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28 Jan

10 Ways to Appreciate Your Spouse


When was the last time you said that you appreciate your spouse?

I don’t mean things like saying “I love you.” You may be doing that all day, every day, or you may wait for special occasions to utter the L word. ery, in writing for Bustle.com, says it depends. “I looked around into how often couples say the L word, and instead of being all over the map, there were definitely two major camps— people who say it all the time and people who hardly say it all. Neither is wrong, neither is right. But for the people that say it, they really, really say it.” However, saying “I love you” doesn’t necessarily mean “I appreciate you.”

Jeremy Nicholson, a psychologist who writes for Psychology Today, reveals that “Saying ‘I love you’ on a regular basis is not always indicative of relationship status. A better indicator is how the partners actually treat and care for each other. Without loving behaviors backing it up, saying ‘I love you’ is just an empty expression.” And that’s where appreciation comes in.

A study reported in Scientific American’s December 2009 article, “The Happy Couple: Secrets to a Long Marriage,” indicates that gratitude acts like a booster for romantic relationships, and the more often appreciation is expressed, the less likely the couple is apt to break up.

Okay, so I missed National Spouse Appreciation Day.

But how about deciding to make some changes that will let your partner know that not only do you love him (or her), but you appreciate her (or him), too? Here are 10 easy ways to make appreciation something you’ll do because you notice the gift you have in your spouse.

1. Thank your spouse.

Yes, maybe it’s their job to help with household chores. But don’t take their work for granted just because you also do household chores. Appreciate your spouse because they care enough to help you.

2. Express your thanks creatively.

When you tell your spouse “thank you,” after awhile it can lose its meaning. Think of more creative ways to say it, like: “I appreciate it when you…”, “I’m grateful for…”, “It means a lot to me when you…”, etc.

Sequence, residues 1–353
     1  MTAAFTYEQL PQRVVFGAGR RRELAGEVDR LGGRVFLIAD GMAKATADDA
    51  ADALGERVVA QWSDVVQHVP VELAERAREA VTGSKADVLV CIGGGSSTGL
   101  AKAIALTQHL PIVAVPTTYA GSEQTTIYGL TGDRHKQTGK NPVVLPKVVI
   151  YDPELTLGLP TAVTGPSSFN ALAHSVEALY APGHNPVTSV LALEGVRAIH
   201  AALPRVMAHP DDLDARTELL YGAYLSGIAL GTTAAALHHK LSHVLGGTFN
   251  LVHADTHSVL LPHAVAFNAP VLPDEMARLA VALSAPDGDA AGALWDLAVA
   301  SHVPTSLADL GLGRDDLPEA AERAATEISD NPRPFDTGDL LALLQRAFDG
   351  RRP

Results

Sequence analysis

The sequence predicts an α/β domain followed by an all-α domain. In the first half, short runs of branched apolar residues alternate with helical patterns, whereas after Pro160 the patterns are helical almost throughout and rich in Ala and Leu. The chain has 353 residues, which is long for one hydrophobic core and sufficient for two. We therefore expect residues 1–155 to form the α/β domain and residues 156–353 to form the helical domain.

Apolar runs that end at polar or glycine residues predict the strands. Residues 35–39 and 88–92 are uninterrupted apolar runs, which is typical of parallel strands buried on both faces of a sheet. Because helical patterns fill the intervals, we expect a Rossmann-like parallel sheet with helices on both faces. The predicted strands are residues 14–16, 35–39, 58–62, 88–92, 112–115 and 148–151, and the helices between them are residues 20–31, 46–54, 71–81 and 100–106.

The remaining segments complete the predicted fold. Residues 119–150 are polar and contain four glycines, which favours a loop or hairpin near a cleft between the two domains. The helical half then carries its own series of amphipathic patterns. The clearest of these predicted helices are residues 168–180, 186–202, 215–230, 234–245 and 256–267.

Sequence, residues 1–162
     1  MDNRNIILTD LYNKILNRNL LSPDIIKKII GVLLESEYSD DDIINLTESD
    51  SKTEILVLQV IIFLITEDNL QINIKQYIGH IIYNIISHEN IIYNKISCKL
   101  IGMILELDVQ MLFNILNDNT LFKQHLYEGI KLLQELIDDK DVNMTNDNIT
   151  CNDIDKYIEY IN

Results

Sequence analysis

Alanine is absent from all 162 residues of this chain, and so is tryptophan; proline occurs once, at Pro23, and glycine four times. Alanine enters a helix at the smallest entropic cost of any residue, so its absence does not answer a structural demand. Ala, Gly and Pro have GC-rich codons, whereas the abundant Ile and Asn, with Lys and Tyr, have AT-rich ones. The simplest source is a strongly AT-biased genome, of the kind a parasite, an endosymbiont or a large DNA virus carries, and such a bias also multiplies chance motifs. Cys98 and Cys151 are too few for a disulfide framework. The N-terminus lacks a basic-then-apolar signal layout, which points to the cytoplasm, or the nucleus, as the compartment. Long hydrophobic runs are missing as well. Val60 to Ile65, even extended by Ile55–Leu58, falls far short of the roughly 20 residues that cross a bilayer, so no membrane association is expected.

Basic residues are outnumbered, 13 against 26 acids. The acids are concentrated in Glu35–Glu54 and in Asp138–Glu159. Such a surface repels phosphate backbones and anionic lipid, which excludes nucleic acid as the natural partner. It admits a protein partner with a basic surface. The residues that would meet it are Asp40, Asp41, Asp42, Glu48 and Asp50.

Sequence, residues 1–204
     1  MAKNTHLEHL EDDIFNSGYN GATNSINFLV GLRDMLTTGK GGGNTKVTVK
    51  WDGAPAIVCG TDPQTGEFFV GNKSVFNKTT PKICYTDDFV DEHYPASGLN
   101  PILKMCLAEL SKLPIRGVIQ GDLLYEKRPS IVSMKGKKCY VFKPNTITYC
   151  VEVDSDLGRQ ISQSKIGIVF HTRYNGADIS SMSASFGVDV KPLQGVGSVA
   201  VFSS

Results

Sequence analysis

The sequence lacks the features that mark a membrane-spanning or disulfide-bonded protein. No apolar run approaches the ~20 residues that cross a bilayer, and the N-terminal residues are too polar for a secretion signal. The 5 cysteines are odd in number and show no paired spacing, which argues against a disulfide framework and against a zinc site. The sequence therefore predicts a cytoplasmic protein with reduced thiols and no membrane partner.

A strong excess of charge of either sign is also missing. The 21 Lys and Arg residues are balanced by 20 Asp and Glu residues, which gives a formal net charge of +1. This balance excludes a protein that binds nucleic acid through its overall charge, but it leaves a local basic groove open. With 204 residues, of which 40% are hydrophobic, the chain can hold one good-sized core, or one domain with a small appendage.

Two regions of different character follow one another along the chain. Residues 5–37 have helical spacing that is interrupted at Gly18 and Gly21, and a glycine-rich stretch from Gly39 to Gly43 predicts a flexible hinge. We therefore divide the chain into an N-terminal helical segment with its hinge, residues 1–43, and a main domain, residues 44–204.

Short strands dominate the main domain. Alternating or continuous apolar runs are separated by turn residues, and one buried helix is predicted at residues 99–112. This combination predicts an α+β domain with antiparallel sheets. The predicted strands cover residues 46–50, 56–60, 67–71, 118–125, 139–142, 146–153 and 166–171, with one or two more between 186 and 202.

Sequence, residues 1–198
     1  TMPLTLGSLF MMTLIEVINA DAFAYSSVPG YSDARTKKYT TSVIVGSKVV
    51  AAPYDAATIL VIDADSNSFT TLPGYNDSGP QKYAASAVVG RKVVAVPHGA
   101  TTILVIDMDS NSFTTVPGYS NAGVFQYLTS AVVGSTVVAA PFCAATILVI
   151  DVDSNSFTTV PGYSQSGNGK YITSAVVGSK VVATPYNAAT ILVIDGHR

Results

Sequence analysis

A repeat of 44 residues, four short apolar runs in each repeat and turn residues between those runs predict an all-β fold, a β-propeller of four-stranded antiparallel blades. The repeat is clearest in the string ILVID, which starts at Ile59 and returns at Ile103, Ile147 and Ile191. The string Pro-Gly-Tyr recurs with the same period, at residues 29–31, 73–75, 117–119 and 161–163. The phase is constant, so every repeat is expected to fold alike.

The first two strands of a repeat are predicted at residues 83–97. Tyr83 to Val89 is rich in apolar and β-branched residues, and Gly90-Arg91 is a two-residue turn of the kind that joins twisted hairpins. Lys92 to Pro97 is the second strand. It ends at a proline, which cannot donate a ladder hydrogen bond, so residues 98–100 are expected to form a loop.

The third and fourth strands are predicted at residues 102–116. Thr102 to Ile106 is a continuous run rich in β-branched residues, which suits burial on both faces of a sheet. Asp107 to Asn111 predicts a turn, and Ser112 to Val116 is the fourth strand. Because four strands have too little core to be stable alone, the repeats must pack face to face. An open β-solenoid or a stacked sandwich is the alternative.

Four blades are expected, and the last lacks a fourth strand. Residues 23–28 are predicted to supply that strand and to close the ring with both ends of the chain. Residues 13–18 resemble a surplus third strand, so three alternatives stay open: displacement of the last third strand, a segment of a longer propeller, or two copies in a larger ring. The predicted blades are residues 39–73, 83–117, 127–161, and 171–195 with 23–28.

3. Even negative circumstances have positive aspects

When he calls and says, “Honey, I have to work late tonight” do you complain? Show your spouse some appreciation for the positive—he called! And then thank him for his hard work, too.

4. Say thank you for the small things, too

Your spouse doesn’t have to make your life easier by helping you around the house. It’s a choice (or should be). Saying thank you for the things he or she does all the time lets your spouse know that you notice even the small things.

5. Public praise is a great way to appreciate your spouse

Perhaps you say thank you at home, but neglect to make your appreciation known in public. (Or maybe you thank in public but ignore the effort at home!) Saying publicly that you are grateful to your spouse can have a huge impact on your relationship, both publicly and privately.

6. The big things need praise, too

When was the last time you thanked your spouse for being a great dad or mom? Or because they work for an awful boss and still come home in a great mood?

7. Appreciate your spouse for contributing to your success

Whether it’s work, education, parenting, spiritual growth, or work in the community, your husband or wife has impacted your success. Be sure to tell them that achieving your goals is partly their success, too.

8. Say thank you with a gift

Extravagance isn’t necessary. It really is the thought that counts, so flowers or a box of chocolates is a time-honored way to thank your spouse. A dinner date or a gift card to her favorite craft store work, too.

9. Jump the gun when they need help

Don’t wait for your spouse to ask you to do something for him or her. Anticipate the need and offer before they mention it. She could use some time away from the kids, and he could use a nap. Offer to let them do the things that they leave unsaid.

10. Date your spouse

Your spouse needs to know that not only do you love them, but you like them, too. Ask him or her out on a date, even if life seems too busy. Make dating your spouse a priority, and have a real conversation when you go out. Enjoy both dinner and discussion.

Do you have any special way to appreciate your spouse? Share them in the comments!


24 Jan

Backhanded Compliments — 5 Ways To Respond

backhanded compliments

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What do you do?

When someone insults you, but disguises it as a compliment, how do you respond? Those kinds of comments are what’s known as backhanded compliments, and it’s not usually intentional (but often it is).

Today is National Compliment Day, so it’s the perfect time to discuss what to do with backhanded compliments. (Here’s how to respond to legitimate compliments without feeling gawky.)

Some people are just socially awkward. They don’t mean to sound snarky; they simply don’t know how to deliver a compliment. Chances are, they don’t know how to receive one, either. Yet at other times, the spiteful comment is entirely intentional. That person may act innocent, but their rudeness still hurts.

“You are really smart for such a pretty woman.”

“You got the job?! Congratulations! I’m so surprised!”

“You look beautiful today.”

“I wish I was as cool with clutter as you are.”

You could write your own list of these kinds of commendations, couldn’t you? We’ve all heard them; in fact, we’ve all said them.

And they sting.

So, how do you respond to backhanded compliments?